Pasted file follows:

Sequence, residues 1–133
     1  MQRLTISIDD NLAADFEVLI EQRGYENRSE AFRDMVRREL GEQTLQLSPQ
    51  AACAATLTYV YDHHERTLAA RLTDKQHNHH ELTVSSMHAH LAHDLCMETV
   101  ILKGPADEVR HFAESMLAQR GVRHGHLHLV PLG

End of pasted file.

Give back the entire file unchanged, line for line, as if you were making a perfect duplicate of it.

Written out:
Sequence, residues 1–133
     1  MQRLTISIDD NLAADFEVLI EQRGYENRSE AFRDMVRREL GEQTLQLSPQ
    51  AACAATLTYV YDHHERTLAA RLTDKQHNHH ELTVSSMHAH LAHDLCMETV
   101  ILKGPADEVR HFAESMLAQR GVRHGHLHLV PLG